It's what everybody is wondering -- what in the world happened to Joe Burrow in the Bengals' season-opening overtime loss to the Steelers? Early interception, that's alright. Just some offseason rust. He'll be fine. But it wasn't a fluke. And he wasn't fine.
Risky decisions, shakiness inside the pocket, inaccurate tosses to all levels -- Burrow looked as bad we've seen him in his young NFL career in Week 1. Sure, in the end, Burrow did enough to win the game, but a blocked extra point and missed field goal in overtime kept Cincinnati from capping a rather obscure comeback, and his careless play was why the Bengals got into a sizable hole.
The first interception foreshadowed two problems Burrow had all afternoon, which are foundational elements in the creation of an interception -- poor decision-making and being late throwing the football.
The Steelers were in Cover 2, with Minkah Fitzpatrick responsible for one deep half of the field. Slot receiver Tyler Boyd ran a corner route, which in theory would place him in the hole between the underneath cornerback and the safety (Fitzpatrick). But Fitzpatrick barely moved from his spot at the snap of the ball, and was waiting for the throw in that exact hole, his body facing the sideline as Boyd sprinted directly at him.
The defender's positioning should've alerted Burrow that the former All-Pro safety jumping the route was imminent. It didn't. Burrow released the football -- probably a touch late too -- and it was one of the easier picks Fitzpatrick will have all season that doesn't involve a tipped pass.
It was as if Burrow was locked onto Boyd before and after the snap. Sure, it would've been advanced quarterbacking if Burrow noticed Fitzpatrick lurking and either delivered the ball much earlier and closer to the sideline or not thrown it at all.
But it's not asking too much for Burrow to showcase advanced quarterback capabilities after the season he had in 2021.
The next interception I'm highlighting presents another example of Burrow not reading the covering defender correctly and throwing the football far too late. The accuracy wasn't really an issue.
Again targeting Boyd, from a perfectly clean pocket, Burrow saw Steelers defensive back Cameron Sutton outside his receiver's skinny post down the seam. At first glance, the throwing window looked like it'd be huge. Easy pitch and catch. But Sutton's leverage allowed him to see Burrow preparing to make the throw which gave him a clear path to the football by rounding off his initial coverage drop to drive underneath the throw.
Had the throw been made a half-second earlier, Sutton wouldn't have had enough time to get underneath the route for the interception. Also, Burrow needed to realize Sutton isn't a player on a foosball table, only capable of moving in straight lines. Even if Burrow didn't notice Sutton's alignment and was late with the throw, a pass with more velocity would've saved the play for Cincinnati.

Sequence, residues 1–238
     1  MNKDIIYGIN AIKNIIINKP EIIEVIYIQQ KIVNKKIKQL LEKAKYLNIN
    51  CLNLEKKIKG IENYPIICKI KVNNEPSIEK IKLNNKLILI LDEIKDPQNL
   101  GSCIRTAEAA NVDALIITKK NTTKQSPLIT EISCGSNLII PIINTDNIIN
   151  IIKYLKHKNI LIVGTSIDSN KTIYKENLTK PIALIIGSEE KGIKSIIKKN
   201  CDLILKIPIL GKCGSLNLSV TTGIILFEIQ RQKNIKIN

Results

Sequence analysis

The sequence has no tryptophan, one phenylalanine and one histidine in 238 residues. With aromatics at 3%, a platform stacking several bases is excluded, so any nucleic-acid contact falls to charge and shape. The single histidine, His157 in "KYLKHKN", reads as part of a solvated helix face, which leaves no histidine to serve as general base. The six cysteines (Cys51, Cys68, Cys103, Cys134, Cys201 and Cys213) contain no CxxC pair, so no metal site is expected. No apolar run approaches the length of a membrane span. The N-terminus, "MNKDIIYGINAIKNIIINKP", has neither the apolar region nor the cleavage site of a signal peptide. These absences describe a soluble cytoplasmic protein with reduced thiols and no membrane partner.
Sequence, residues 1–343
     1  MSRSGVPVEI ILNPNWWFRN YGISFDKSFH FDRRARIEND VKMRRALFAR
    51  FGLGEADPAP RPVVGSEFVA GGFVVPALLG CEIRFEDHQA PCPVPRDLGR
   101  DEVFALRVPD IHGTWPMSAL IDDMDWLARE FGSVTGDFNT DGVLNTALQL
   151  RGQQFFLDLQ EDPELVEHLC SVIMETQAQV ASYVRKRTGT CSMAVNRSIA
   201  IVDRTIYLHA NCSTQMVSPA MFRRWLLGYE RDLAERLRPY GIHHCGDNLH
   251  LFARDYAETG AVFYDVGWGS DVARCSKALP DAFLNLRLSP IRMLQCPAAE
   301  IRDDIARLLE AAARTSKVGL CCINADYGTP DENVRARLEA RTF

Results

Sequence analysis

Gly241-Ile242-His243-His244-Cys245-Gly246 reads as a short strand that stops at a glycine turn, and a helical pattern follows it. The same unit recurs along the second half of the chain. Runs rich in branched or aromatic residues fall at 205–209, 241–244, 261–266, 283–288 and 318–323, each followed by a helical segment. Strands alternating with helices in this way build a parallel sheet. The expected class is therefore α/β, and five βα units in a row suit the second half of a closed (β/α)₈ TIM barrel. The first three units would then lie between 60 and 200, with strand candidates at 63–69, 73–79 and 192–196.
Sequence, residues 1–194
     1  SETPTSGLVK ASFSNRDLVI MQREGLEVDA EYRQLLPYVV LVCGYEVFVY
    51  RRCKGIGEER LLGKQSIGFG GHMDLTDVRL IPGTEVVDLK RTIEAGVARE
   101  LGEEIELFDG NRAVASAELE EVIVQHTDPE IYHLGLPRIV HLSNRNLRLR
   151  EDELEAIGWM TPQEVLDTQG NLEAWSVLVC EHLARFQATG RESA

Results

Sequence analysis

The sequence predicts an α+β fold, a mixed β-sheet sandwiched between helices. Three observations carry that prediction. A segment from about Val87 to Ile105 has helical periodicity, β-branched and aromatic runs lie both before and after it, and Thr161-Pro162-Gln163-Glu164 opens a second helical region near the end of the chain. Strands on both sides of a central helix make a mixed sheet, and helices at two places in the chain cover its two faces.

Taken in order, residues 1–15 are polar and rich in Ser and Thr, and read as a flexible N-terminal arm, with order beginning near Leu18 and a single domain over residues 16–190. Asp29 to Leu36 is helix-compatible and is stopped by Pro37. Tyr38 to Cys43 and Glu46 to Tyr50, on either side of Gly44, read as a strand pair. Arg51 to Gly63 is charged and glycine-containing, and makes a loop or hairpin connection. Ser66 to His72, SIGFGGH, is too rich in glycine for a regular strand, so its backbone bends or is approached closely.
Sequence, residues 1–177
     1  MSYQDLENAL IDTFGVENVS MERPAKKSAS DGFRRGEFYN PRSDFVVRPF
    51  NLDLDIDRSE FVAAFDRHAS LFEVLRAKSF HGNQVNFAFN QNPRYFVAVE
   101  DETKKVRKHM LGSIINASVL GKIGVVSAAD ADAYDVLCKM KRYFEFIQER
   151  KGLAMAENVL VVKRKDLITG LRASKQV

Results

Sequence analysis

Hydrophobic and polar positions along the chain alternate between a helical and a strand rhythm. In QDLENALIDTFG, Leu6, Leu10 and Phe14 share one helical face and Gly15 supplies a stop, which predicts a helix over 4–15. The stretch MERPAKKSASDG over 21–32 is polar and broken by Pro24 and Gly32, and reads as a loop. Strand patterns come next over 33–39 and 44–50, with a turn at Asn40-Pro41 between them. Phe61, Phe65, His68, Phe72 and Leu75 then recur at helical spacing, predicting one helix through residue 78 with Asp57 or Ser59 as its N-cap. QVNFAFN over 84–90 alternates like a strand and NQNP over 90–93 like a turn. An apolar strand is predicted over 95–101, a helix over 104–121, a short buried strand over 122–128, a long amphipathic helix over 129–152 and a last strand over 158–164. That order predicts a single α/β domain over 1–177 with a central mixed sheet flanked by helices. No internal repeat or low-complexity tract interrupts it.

The Bengals quarterback didn't check any of the boxes needed, and Sutton made a great play on the football for the interception.
Burrow's final pick occurred because, again, of a late throw. In college, as a rookie, and during his breakout in 2021, Burrow seemingly acknowledged his lack of a rocket arm by making a litany of awesome, anticipatory throws. That doctorate-level skill is part of why he has been so good over his last three seasons of football.
Here, on fourth-and-6 in the fourth quarter, Burrow looked for his trusty slot receiver Boyd on an 8-yard stop route. Run 8 yards, foot in the ground, turn around catch the football. Move the chains. Nickel corner Arthur Maulet had obvious inside leverage and followed Boyd's route to the sticks.
Because it's zone across the board for the Steelers, cornerback Ahkello Witherspoon was able to stare at Burrow and peel off his primary assignment to make a play on the ball if an opportunity arose. And that's precisely what he did.
The ball needed to be out of Burrow's hand's much earlier. Maulet slid parallel to the sidelines the entire route, not allowing anything back to the inside, so Boyd clearly could to turn back to the outside. That's where the throw needed to be too. As the video shows, the ball wasn't thrown with anticipation, which gave Witherspoon ample time to see Burrow committing to throw and drive on it for the interception.
Burrow ramped the RPMs on that pass, it was just delivered far too late.
It wasn't accuracy problems. And yes, Burrow was sacked seven times. A concern for the Bengals offensive line. But this is the quarterback who was sacked more than any last season, and it hardly mattered, particularly down the stretch and in the playoffs. Burrow was a tick or two or three slow processing coverage in Week 1, and the Steelers made him pay almost every time. Maybe it was offseason rust after all, plenty of it.